Bacterial adaption and differentiation
Motility significantly contributes to the fitness of bacteria. Generally, bacteria can move using one or more of three different types of motility machineries. These nanomachines include flagella, type IV pili (T4P) and gliding machineries. While the flagella and T4P machineries are highly conserved the machineries for gliding are not highly conserved.
Motility is essential for formation of both types of cellular patterns or biofilms in M. xanthus. M. xanthus moves by means of T4P and gliding. The rod-shaped M. xanthus cells move in the direction of their long axis and have a leading cell pole and a lagging cell pole. Occasionally, cells reverse their direction of movement and during a reversal, the old leading pole becomes the new lagging cell pole. T4P assemble at the leading cell pole and during a reversal they disassemble at the old leading pole and reassemble at the new leading cell pole. In the case of the gliding motility system, the machinery (which is often referred to as focal adhesion complexes, FAC) assembles at the leading cell pole and disassemble at the lagging cell pole in moving cells. During a reversal, the cell poles at which FAC assemble and disassemble also switches. So, in total, during a reversal, the two motility machineries switch polarity.
In vegetative cells, cells at the edge of a colony efficiently explore the neighborhood by moving away from the colony and then reversing to return to the colony. During the aggregation stage of fruiting body formation, the C-signal induces a decrease in the cellular reversal frequency and switches cell behavior from an oscillatory mode to a unidirectional mode in which cells are moving towards nascent fruiting bodies. In our motility research we focus on elucidating how the two motility machineries assemble and function as well as on the mechanisms underlying polarity switching of the two motility systems. We also aim to understand at the molecular level how the C-signal inhibits reversals.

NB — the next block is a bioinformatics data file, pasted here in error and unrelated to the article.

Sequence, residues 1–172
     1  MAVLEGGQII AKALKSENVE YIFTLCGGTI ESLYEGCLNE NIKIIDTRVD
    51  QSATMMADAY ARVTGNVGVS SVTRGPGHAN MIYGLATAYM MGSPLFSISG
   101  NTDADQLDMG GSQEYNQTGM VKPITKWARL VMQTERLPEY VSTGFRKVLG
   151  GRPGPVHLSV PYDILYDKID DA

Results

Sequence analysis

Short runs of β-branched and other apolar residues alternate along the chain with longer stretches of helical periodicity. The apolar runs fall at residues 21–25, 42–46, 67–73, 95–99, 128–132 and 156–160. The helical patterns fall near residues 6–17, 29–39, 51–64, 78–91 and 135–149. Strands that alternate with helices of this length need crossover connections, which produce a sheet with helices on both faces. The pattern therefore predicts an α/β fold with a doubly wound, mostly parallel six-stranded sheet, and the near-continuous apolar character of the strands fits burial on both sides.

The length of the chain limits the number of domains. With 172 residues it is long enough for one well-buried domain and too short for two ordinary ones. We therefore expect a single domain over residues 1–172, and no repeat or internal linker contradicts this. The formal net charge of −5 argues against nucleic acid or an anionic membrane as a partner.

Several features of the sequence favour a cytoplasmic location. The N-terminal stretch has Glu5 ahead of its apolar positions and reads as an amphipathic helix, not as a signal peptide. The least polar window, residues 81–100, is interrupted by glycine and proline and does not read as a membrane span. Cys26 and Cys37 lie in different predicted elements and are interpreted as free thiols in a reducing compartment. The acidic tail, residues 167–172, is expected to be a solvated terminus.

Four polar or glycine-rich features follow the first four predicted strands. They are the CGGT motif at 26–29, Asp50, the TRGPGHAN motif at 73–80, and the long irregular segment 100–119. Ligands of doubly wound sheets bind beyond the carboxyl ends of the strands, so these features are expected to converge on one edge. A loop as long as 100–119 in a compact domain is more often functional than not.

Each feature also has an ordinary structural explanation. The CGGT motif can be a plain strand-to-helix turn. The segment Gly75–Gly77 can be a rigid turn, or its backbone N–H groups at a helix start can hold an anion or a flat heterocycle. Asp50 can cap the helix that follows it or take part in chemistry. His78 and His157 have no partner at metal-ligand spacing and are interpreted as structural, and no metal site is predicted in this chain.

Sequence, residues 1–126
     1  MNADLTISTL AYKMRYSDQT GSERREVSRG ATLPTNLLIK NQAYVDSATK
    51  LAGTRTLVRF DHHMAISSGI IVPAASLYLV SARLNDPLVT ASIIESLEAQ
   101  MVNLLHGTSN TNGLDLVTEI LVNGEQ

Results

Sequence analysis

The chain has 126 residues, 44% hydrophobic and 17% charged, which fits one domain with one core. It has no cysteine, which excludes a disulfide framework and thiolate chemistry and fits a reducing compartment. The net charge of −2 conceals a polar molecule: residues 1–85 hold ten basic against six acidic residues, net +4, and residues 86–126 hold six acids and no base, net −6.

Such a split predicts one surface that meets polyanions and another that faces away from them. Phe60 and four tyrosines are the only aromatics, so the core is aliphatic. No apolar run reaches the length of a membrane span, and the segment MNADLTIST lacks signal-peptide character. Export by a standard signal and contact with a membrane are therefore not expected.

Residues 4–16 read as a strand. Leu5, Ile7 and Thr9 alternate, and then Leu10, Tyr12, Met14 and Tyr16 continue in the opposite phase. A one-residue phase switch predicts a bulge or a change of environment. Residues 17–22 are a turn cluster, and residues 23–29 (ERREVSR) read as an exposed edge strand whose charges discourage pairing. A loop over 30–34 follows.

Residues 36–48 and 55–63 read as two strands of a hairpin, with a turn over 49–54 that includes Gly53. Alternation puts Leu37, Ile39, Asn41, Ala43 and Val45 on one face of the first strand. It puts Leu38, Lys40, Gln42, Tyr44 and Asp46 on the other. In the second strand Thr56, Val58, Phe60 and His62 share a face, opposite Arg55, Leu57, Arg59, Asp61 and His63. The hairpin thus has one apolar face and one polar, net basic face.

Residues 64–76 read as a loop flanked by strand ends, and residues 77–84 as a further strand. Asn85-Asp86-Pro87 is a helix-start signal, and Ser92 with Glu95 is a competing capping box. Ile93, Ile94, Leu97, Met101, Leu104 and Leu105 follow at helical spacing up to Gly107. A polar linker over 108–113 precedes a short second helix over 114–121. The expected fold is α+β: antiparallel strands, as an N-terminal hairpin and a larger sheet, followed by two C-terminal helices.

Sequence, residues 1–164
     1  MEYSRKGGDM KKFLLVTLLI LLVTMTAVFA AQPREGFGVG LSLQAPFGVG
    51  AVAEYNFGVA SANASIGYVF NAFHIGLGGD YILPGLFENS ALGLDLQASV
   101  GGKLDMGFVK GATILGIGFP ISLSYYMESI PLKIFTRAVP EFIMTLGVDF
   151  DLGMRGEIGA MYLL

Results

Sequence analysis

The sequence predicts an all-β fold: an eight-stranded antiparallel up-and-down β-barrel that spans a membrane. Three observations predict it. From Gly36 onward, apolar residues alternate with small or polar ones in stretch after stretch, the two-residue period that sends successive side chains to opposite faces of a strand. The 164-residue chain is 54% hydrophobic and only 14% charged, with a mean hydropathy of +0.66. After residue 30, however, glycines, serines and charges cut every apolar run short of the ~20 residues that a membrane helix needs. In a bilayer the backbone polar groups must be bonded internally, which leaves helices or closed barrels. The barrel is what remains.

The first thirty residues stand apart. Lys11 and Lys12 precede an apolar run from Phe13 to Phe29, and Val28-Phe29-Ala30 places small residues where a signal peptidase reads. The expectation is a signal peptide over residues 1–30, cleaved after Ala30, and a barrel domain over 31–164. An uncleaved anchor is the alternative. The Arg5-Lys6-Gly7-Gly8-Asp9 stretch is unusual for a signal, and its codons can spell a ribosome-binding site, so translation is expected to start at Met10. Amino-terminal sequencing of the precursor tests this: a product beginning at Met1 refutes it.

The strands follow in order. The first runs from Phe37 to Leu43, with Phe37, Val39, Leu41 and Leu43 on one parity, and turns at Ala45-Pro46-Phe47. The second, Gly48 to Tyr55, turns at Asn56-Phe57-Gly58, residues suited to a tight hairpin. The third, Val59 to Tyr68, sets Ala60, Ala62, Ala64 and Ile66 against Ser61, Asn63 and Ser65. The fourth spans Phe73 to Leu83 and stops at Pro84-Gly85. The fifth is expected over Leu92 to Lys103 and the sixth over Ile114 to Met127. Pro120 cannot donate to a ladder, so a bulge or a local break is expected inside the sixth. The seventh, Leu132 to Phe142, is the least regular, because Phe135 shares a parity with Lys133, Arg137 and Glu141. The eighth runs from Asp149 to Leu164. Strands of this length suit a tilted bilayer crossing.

T4P are surface structures that are found on a large number of different bacterial species and they have important function in biofilm formation, virulence and motility. T4P function depends on the assembly of a macromolecular complex consisting of 10 proteins that localize to the outer membrane, periplasm, inner membrane and cytoplasm. We have shown that eight of these proteins localize to both cell poles and remain stationary during reversals. Conversely, the PilB and PilT motor ATPases that energize extension and retraction of T4P, respectively, localize to opposite poles with PilB predominantly at the leading and PilT predominantly at the lagging pole, and these proteins switch poles during reversals. In other words, type IV pili pole-to-pole switchings involve the disassembly of the type IV pili machinery at the old leading pole and reassembly of this machinery at the new leading pole.
Currently, we are focusing on analyses to understand how T4P proteins are targeted to the poles. We are also focusing on analyses to understand the structure of FAC and how they assemble and disassemble at opposite poles.
Some of our recent publications on motility:
Jakovljevic, V., Leonardy, S., Hoppert, M. & Søgaard-Andersen, L. (2008) PilB and PilT are ATPases acting antagonistically in type IV pili function in Myxococcus xanthus. J. Bacteriol. 190, 2411-2421.
Leonardy, S., Bulyha, I. & Søgaard-Andersen, L. (2008) Reversing cells and oscillating proteins. Mol. BioSystems 4, 1009 - 1014.
Clausen, M., Jakovljevic, V., Søgaard-Andersen, L. & Maier, B. (2009) High force generation is a conserved property of type IV pilus systems. J. Bacteriol. 191, 4633-4638.
Bulyha, I., Schmidt, C., Lenz, P., Jakovljevic, V., Höne, A., Maier, B., Hoppert, M., & Søgaard-Andersen, L. (2009) Regulation of the type IV pili molecular machine by dynamic localization of two motor proteins. Mol. Microbiol. 74, 691-706.
Søgaard-Andersen, L. (2011) Directional intracellular trafficking in bacteria. Proc. Natl. Acad. Sci. USA 108, 7283-7284.
Bulyha, I., Lindow,S., Lin, L., Bolte, K., Wuichet, K., Kahnt, J., van der Does, C., Thanbichler, M. & Søgaard-Andersen, L. (2013) Two small GTPases act in concert with the bactofilin cytoskeleton to regulate dynamic bacterial cell polarity. Dev. Cell. 25, 119-131.
Friedrich, C., Bulyha, I. & Søgaard-Andersen, L. (2014) Outside-in assembly pathway of the type IV pili system in Myxococcus xanthus. J. Bacteriol. 196, 378-390.
Siewering, K., Jain, S., Friedrich, C., Webber-Birungi, M.T., Semchonok, D.A., Binzen, I., Wagner, A., Huntley, S., Kahnt, J., Klingl, A., Boekema, E.J., Søgaard-Andersen, L. & van der Does, C. (2014) Peptidoglycan-binding protein TsaP functions in surface assembly of type IV pili. Proc. Natl. Acad. Sci. USA. 111, E953-E961.
Jakobczak, B., Keilberg, D., Wuichet, K. & Søgaard-Andersen, L. (2015) Contact- and protein transfer-dependent stimulation of assembly of the gliding motility machinery in Myxococcus xanthus. PLOS Genetics 11, e1005341.